Implications of the Improvement of Teaching Quality for Professional Development (PD) of Academics at the Colleges of Applied Sciences (CASs) in the Sultanate of Oman
Al Aufi, M. A. (2014). Implications of the Improvement of Teaching Quality for Professional Development (PD) of Academics at the Colleges of Applied Sciences (CASs) in the Sultanate of Oman (Thesis, Doctor of Philosophy (PhD)). University of Waikato, Hamilton, New Zealand. Retrieved from http://hdl.handle.net/10289/8539
Permanent Research Commons link: http://hdl.handle.net/10289/8539
The Oman Accreditation Council (OAC), which is called later the Oman Academic Accreditation Authority (OAAA), designed a higher education institution (HEI) Quality Assurance (QA) framework for Omani public and private Higher Education Institutions (HEIs), starting with a quality audit process in 2008. The Colleges of Applied Sciences (CASs), as a public HEI, are required to ensure the quality of all services and activities to meet particular national standards (specified in the framework) in order to gain a HEI and programme certificate. In line with a quality audit scope, the quality of the fields of PD and related teaching quality should be ensured and enhanced by the promotion and contribution of the former field to the maintenance and improvement of the latter one. The chief purpose of this study was to identify the uptake and implications of the growing requirement to improve teaching quality and the PD of academics at the CASs in the Sultanate of Oman especially in the context of the application of the QA framework. The study focused on examining the academics’ participation in professional development programmes (PDPs) and current perceptions of PD with respect to the improvement of teaching quality improvement at these colleges. The current study also dealt with a reorganization and prioritization of academics’ PD needs, barriers to effective PD, and factors to enhance PD of academics regarding teaching quality improvement in the colleges. Based on the purpose and research objectives, the current study adopted both positivist (quantitative) and interpretive (qualitative) research paradigms. Because the study perused quantitative and qualitative data regarding certain variables, it chose a mixed-research design. The researcher designed survey questionnaire to collect quantitative data and a semi-structured interview and a focus group discussion to probe and interpret quantitative findings. After fulfillment of the validity and reliability measurements, a self-completion questionnaire was distributed to a stratified random sample of academics (170) over the six CASs. A total of 150 questionnaires (out of 170) were completed and returned and the response-rate reached 88.2%. The quantitative data was analyzed by appropriate analysis using the Statistical Package for Social sciences (SPSS), while the qualitative data was analyzed by appropriate qualitative analysis. The findings of the study showed that the level of academics’ participation in PDPs to improve teaching quality in the last two years in the CASs seems to be unsatisfactorily low. The current perceptions of the PD situations in the colleges, relating to teaching quality improvement, signified a shortage in the number of available PDPs and/or a discouragement of academics’ participation in these programmes in the last two years. The study also revealed all the 22 PD needs of academics regarding the improvement of teaching quality are significantly demanded by participants; the higher rated needs focused on a development of ‘student centred’ skills, such as critical thinking and problem-solving skills. Furthermore, the study illustrated that the highest significant perceived barriers to effective PD in the CASs, as related to teaching quality improvement, focus on a lack of a clear institutional PD policy and a lack of appropriately systematic PD plans. The study also revealed all 10 perceived factors to enhance PD regarding teaching quality improvement are very important. The most significant factors represented and stressed particular problematic issues (the high rated barriers) and a reduction of a heavy workload to enhance academics’ participation in PD regarding the improvement of teaching quality. Conclusions drawn from the discussion of the findings of study include a lack of a clear PD policy at national and institutional levels and absence of a particular authority/unit concerning PD issues in Omani HEIs. The two problematic issues resulted in a lack of systematic and realistic PD plans in the CASs, involving a lack of academics’ involvement in PD plans, a misconnection of academics’ PD needs to PD, inappropriate facilities and resources allocation, and inappropriate evaluation processes of PD. In addition, the conclusions also include that PD of academics regarding the improvement of teaching quality in the colleges requires more attention and focus to manage particular significant issues perceived by participants as both barriers and potential facilitators relating to PD of academics.Based on identified conclusions, particular implications for policy and practice to enhance PD to improve teaching quality were set at three levels: governmental, institutional, and individual. Moreover, achievements of the current study according to the research questions were identified and contributions of the study to the fields of PD, teaching quality, and the context of QA and quality audit in HE were addressed. Based on the findings and conclusions, particular directions and recommended issues were suggested to be studied by further research to benefit the enhancement of PD and related teaching quality improvement.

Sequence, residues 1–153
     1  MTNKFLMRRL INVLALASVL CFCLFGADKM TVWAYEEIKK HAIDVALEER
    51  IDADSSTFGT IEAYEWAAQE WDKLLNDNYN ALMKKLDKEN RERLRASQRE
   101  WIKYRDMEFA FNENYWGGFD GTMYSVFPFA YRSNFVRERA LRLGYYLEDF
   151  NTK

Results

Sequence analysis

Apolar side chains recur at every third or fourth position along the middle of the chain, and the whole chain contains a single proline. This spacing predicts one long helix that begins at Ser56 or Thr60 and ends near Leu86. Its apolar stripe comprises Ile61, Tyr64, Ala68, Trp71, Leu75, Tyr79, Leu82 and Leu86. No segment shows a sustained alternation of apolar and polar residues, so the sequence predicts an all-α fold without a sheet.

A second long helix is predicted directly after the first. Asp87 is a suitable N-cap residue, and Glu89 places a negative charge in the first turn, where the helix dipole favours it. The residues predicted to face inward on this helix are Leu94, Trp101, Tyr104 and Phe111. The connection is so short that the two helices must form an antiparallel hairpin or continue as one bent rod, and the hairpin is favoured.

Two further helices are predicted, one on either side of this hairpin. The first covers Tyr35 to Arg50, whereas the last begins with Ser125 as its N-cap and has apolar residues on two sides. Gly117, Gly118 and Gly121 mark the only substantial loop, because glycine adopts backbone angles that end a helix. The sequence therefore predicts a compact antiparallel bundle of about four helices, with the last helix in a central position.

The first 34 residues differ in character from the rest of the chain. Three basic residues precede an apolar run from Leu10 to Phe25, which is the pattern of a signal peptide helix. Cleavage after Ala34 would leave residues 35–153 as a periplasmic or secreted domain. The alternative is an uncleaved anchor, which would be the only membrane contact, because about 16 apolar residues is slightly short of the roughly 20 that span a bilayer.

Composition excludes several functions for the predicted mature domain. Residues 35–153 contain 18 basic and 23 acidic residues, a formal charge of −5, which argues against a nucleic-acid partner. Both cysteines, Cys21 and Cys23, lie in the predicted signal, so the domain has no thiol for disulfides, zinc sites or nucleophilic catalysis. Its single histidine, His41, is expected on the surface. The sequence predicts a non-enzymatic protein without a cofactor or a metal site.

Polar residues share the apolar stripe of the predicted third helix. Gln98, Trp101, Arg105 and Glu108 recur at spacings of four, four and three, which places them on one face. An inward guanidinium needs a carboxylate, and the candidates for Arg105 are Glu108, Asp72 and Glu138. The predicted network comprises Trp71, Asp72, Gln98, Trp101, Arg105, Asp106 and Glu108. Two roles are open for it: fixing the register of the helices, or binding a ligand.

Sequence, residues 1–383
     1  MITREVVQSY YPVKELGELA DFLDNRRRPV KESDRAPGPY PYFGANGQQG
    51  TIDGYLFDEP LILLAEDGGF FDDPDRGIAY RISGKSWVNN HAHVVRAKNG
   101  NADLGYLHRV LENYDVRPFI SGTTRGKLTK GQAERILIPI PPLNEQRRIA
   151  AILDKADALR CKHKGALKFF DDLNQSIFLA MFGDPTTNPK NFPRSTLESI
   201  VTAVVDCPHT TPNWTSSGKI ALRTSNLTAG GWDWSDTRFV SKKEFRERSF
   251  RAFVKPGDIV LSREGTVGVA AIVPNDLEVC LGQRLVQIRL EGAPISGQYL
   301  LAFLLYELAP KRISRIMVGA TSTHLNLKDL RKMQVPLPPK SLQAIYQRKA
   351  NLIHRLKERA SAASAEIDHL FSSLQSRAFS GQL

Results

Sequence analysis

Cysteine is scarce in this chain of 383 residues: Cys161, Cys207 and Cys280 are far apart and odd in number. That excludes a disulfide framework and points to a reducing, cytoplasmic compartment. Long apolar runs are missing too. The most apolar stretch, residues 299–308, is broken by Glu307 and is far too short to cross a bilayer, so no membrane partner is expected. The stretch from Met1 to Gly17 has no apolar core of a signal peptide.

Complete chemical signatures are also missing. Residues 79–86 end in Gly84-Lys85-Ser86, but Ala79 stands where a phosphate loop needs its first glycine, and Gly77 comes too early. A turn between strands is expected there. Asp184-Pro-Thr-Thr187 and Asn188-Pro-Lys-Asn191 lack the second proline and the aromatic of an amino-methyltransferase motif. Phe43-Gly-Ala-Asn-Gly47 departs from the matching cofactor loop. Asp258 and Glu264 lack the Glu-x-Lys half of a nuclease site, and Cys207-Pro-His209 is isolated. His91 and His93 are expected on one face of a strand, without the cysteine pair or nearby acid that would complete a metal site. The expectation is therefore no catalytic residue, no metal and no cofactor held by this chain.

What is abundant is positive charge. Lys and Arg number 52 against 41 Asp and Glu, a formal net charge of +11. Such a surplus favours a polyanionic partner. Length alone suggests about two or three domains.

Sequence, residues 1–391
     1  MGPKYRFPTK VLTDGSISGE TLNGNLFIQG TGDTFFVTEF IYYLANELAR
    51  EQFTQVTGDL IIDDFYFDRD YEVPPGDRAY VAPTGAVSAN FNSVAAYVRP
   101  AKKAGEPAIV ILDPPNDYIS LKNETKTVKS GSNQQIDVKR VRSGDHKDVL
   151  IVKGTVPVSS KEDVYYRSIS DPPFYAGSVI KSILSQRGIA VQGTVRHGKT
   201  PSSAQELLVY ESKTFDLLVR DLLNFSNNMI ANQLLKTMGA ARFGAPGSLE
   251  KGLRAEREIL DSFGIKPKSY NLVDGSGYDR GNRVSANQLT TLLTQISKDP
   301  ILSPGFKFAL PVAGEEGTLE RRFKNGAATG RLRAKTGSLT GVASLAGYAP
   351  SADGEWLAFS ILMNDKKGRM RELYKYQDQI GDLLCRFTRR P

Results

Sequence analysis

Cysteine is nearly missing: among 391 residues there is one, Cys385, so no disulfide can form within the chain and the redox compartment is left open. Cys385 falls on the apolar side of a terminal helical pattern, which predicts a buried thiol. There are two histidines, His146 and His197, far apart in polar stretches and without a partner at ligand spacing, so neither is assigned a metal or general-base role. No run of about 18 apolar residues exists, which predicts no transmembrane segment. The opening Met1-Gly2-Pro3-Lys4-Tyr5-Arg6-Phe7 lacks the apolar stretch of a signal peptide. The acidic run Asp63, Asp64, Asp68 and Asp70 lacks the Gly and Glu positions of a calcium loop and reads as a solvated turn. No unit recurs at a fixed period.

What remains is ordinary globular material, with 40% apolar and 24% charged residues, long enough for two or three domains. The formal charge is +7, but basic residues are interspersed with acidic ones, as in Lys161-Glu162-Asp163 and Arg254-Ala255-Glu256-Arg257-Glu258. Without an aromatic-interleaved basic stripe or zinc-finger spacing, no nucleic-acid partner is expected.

University of Waikato
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